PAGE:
Empower Your Child to Overcome Future Money Obstacles
5 Tips on Budget and Personal Finance for Parents
Most of us have been there. You have a general knowledge of money, how to budget and how to plan. But when it comes to the big stuff, having enough money set aside if you need a new roof on the house or if your company has layoffs, you’ve had to learn the hard way to take steps beyond just getting by.
You want better for your children. Teaching your kids now the lessons you wish you’d learned earlier may help them avoid financial struggles as adults.
It’s never too early to get started. We recommend beginning the following steps when your child is 11 or 12, before they get their first job and start developing the money habits that will carry them through life.
- Show your child the impact of debt.
Pick an example from your own life. Whether it’s credit cards, student loans or a car loan, explain to your child how much impact committing to debt has. Emphasize how important it is to evaluate the decision, with an example like:
I took out a five-year car loan at $300 per month. That’s $300 less I have every month for five years for food, fun, saving for emergencies, and other things. You have to make sure you can afford that before you commit to it.
- Share the reality of living expenses.
Most kids understand “we are fine on money” or “it’s a little tight right now.” And most parents want to shelter their kids from the harsh realities of adulthood. But there’s no harm is helping them understand how much things cost.
So the next time you get upset that your son forgot to turn the lights off, explain to him how much it costs each month to keep them on. The next time your daughter throws a few extra things in the grocery basket, show her how you budget for food, how that altered your plan and why this kind of planning makes a difference. If they are picking out a gift for a friend, show them how $20 goes a lot further if they choose items that are on sale.
- Demonstrate the power of earning interest.
If your child doesn’t have savings account, it’s never too early open one. If you encourage them to put a percentage of every dollar they receive in savings, whether it’s 10% or 50%, you can show them how that money grows over time just by leaving it alone. You can help them become comfortable with paying themselves first, instilling the value that every dollar they earn from allowance or babysitting, or receive for birthdays or holidays, doesn’t have to be spent right away.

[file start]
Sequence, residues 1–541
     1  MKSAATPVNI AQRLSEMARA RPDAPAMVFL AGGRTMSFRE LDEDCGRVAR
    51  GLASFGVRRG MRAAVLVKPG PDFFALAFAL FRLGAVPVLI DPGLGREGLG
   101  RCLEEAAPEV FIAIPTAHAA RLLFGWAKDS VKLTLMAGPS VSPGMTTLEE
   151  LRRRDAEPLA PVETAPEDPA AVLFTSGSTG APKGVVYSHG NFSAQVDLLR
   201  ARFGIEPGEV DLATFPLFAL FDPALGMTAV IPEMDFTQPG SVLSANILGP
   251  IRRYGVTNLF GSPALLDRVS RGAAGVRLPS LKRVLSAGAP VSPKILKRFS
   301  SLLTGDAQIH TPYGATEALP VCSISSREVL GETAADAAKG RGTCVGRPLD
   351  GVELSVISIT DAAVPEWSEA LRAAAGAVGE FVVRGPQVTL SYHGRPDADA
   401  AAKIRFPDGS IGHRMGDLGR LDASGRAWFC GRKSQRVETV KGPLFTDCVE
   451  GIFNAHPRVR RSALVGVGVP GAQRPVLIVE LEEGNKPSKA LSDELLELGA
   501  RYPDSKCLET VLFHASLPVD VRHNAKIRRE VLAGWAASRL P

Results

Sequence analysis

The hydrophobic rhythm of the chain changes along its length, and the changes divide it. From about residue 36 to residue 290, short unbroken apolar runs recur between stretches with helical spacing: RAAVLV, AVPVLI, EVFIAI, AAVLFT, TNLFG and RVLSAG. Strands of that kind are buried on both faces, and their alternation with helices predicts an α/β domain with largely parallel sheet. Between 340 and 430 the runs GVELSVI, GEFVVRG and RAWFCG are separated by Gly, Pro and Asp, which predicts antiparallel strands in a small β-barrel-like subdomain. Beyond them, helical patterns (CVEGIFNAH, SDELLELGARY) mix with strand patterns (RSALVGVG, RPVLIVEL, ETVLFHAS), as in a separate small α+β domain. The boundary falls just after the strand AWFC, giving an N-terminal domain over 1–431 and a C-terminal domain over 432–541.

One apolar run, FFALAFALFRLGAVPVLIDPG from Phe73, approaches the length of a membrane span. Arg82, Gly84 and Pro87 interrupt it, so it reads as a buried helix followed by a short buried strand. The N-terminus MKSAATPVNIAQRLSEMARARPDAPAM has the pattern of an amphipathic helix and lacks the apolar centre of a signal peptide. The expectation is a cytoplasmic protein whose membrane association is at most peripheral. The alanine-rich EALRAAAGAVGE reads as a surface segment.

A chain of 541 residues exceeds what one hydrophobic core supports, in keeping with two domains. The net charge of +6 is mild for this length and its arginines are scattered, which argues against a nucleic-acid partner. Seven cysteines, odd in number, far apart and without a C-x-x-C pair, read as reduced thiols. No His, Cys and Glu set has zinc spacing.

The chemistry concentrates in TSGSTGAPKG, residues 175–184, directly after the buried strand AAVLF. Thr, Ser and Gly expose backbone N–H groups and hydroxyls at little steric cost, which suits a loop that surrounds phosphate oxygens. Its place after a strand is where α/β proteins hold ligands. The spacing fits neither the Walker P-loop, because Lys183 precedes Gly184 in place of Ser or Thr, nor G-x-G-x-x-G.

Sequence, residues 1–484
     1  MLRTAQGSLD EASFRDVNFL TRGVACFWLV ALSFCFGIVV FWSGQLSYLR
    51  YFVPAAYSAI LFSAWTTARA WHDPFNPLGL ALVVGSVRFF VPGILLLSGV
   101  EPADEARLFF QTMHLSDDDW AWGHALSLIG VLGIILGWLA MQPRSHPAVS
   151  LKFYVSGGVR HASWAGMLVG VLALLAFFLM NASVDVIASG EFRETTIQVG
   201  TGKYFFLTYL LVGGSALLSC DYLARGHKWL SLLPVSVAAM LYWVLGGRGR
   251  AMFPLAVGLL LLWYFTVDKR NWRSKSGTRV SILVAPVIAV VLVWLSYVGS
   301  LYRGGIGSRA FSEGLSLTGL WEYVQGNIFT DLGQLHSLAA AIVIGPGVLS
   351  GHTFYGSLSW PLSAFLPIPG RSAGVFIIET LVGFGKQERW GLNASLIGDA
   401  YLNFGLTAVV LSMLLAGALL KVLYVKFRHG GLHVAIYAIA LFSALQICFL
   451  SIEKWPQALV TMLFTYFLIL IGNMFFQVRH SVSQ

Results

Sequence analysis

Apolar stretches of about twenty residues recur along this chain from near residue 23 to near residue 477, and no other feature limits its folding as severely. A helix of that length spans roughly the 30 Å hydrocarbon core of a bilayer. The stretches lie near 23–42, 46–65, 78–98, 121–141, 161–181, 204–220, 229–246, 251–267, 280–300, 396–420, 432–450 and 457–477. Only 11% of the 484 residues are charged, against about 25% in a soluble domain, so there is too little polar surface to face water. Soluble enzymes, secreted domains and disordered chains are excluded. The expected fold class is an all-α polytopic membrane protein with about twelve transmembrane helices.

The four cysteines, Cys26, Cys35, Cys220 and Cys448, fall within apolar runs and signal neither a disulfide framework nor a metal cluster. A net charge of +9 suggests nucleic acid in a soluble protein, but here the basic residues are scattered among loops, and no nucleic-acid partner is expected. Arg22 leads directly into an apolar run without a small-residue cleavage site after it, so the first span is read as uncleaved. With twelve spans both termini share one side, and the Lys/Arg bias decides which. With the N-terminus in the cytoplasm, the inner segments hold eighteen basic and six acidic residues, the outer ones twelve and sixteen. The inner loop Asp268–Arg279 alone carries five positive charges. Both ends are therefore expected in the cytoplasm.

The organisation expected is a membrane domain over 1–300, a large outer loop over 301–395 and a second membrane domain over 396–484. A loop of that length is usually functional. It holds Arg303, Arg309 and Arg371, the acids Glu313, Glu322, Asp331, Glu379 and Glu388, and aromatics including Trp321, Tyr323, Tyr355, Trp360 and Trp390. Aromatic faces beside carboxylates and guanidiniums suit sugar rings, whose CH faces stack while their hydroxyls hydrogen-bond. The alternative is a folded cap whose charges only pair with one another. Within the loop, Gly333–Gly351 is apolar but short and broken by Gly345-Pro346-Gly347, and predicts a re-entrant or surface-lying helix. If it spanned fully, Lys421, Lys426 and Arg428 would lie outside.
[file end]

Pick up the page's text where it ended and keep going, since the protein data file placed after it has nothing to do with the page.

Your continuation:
- Calculate the cost of dreams.
Many people assume that if a career requires education, it will pay enough to meet their needs. But that doesn’t take into account student debt, availability of jobs or the drastic differences in cost of living in different locations. These are all things to discuss as your child gets closer to high school graduation.
The thing you can’t emphasize early enough is this:
The less debt you start out with as an adult, the better you’ll be able to afford the life you want.
This doesn’t mean your child has to give up on their dreams. It just means they need to start thinking about how to pay for them.
One thing you can do is start a 529 Savings Account. It can be used for higher education, and that includes trade school! Some scholarships can also be used for trade school. The WoodmenLife Focus Forward Scholarship® is one of these, plus it takes more than GPA into consideration.
Teaching your children how much smoother life will be if school is paid for can help when you face situations of encouraging them to work harder in school or do more community service.
- Teach the importance of a backup plan.
Life almost never goes the way we plan, so teaching our kids resilience is a must. Opportunities for demonstrating this are all around you. If you have plans for an outdoor event and it rains, what can you do instead? If school gets harder than expected, what can we do to help bring those grades up? Teaching kids how to have backup plan in place can help with future financial struggles.
Speaking of backup plans, what is yours? How will your family pay for things, if the worst of all things, you should die? Having life insurance is crucial to securing your financial situation. If you choose whole life insurance, it also builds cash value. So for example, if you purchase whole life insurance for your kids now, as an adult they may be able to use cash value to buy a home or pay for school.
These tips lay the groundwork, and when you think about all the money lessons you’ve learned in your life, you have so much to teach your kids. Ultimately, they will make their own decisions, but you will have helped them lay the groundwork for a stable financial future.
Even more important is to be a role model with these behaviors. Let your kids see you living them out. If you need help evaluating your financial needs, WoodmenLife can help. Click here to find your local Representative.